Why bother to prepare emergency supplies for a natural disaster, if you aren’t prepared to defend yourself against looters in the event of an emergency? It is important to learn beforehand how to guard yourself and family against personal attacks and bodily injury, than to worry about it once disaster strikes.
Sadly, it only took people two hours to start looting after the tragic Northridge Earthquake, which struck at 4:30 in the morning on Martin Luther King Jr.’s birthday, January 17, 1994. According to the Los Angeles Fire Department operations notes for that day, “by 7:00am, there were over 100 active incidents being handled by field resources.”
It is the rule rather than the exception that the worst of times, when food and basic supplies are running low, it can bring out the criminal element in people. It is imperative to take personal safety lessons, because your security alarm system won’t work when the power grid is down.
Many police agencies around the country offer low cost self-defense classes,as do some Young Women Christian Associations, as well as your local community colleges.
Remember to certify all the adults in the family for CPR and basic first aid lessons, because the first aid services in your area will go to the most critically injured first. You must be prepared to treat minor injuries at home.
In many cities, you can learn emergency CPR and first-aid from a city sponsored event or organization, both of which are excellent preventative measures, as emergency services are limited during the most severe natural disasters. You may need to rely entirely on your own skills and knowledge in those first critical hours following an earthquake, flood, tornado, hurricane or other natural disaster.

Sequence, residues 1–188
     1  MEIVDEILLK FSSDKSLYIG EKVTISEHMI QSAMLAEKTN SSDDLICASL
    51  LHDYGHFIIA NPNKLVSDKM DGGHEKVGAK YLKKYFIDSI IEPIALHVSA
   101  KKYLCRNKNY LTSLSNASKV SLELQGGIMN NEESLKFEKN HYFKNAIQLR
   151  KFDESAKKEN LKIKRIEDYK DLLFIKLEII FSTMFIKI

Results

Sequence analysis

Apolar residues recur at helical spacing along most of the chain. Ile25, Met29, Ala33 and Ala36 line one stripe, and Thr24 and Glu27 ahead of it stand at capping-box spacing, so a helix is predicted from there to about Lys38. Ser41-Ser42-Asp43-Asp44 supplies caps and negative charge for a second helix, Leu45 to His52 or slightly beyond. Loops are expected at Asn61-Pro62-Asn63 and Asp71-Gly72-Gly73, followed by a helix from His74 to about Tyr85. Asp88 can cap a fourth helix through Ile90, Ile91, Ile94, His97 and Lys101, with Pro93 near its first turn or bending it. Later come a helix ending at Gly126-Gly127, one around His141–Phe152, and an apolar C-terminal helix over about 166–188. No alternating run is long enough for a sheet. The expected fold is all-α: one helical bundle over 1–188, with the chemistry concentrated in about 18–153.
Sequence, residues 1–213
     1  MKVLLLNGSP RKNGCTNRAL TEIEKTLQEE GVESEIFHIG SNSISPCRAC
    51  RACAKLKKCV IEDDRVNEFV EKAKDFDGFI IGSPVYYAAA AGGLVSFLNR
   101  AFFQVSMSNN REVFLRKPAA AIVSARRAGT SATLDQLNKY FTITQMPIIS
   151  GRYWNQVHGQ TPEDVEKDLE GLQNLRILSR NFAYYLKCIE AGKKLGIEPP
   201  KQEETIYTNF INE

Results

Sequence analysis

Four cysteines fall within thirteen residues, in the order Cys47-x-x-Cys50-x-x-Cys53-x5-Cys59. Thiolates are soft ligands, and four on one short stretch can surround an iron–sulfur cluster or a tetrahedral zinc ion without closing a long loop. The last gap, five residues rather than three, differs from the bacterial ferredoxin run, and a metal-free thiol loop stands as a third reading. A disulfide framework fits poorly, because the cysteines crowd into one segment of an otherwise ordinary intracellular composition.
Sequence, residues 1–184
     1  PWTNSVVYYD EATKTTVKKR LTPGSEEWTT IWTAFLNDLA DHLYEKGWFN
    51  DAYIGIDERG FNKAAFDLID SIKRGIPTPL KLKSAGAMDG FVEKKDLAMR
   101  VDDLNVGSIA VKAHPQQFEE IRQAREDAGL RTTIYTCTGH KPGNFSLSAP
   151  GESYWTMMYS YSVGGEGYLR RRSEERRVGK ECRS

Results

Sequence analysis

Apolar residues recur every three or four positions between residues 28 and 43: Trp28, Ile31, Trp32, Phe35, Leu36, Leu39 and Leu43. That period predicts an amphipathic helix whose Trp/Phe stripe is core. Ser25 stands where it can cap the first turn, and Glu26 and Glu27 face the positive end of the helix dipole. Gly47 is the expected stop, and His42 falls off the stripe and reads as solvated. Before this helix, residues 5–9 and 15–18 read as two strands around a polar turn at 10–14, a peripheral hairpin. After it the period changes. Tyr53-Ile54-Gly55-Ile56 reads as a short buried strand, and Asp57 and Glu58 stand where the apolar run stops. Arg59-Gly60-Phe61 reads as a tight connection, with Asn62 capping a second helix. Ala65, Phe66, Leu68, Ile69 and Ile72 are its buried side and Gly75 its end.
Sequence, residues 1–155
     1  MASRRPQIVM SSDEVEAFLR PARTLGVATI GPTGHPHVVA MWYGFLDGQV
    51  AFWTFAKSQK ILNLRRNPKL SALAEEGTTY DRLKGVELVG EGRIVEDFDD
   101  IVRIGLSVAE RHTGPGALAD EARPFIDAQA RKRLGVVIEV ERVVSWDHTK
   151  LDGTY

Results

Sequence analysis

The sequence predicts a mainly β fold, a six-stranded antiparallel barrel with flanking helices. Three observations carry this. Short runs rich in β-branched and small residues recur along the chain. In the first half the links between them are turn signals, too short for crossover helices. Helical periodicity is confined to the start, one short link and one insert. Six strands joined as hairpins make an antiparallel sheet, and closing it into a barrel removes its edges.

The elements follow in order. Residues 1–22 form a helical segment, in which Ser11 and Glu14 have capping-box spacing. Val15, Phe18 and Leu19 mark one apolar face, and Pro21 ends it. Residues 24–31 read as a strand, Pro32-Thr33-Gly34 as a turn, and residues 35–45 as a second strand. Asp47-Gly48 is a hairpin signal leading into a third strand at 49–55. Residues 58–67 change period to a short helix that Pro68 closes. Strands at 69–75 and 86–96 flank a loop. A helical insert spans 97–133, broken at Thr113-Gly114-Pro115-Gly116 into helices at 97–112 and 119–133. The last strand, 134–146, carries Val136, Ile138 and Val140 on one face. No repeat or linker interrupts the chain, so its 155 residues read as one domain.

Education, Education, Education
Educate yourself on your utility shut-off points. Keep a well-oiled, water protected wrench handy to open/close these shut off valves in an emergency. Make sure to get the OK from city utility officials before turning gas or electricity back on.
For homeowners with solar powered electrical generation systems, the utilities require an AC disconnect switch next to the electric service meter. If you turn the switch to the OFF position, you will be able to disconnect the solar system from the utility grid power, making it safe for workmen to work on the high voltage utility lines during emergency repair.
A Dozen More Things to Do Before “The Big One”
1. Water Needs: Buy purified water in sealed containers, approx. 64 ounces per person, per day. Empty the expired water and refill with clean water every three years and buy water purification tablets.
2. Securely wrap in waterproof packaging; sleeping bags, blankets, pillows, clothing, tent, tennis shoes, coats.
3. Check and replenish stored food supplies for one week of food, calculating the number of calories per person, per day with the following formula.
The formula can be found on the Global Health and Fitness website.
A. Basal Metabolic Rate= Body weight multiplied by 12 (for men) or 11 (for women) e.g., (a male) weighing 160 lbs. x 12 = 1920, plus
B. Activity= One third body weight multiplied by the number of hours you are awake, typically 16 hours= 160 lbs. x 1/3 = 53 x 16 = 848
C. Required Calories= A + B= 1920 + 848 = 2768 calories per day for a 160 lb. man, OR
C. Required Calories= A + B= 1430 + 688= 2118 calories per day for a 130 lb. woman.
Example of the canned food inventory:
Fruit; peaches, pears, pineapple, apricots, Mandarin oranges.
Meat/protein: chicken, garbanzo beans, hominy, pinto beans.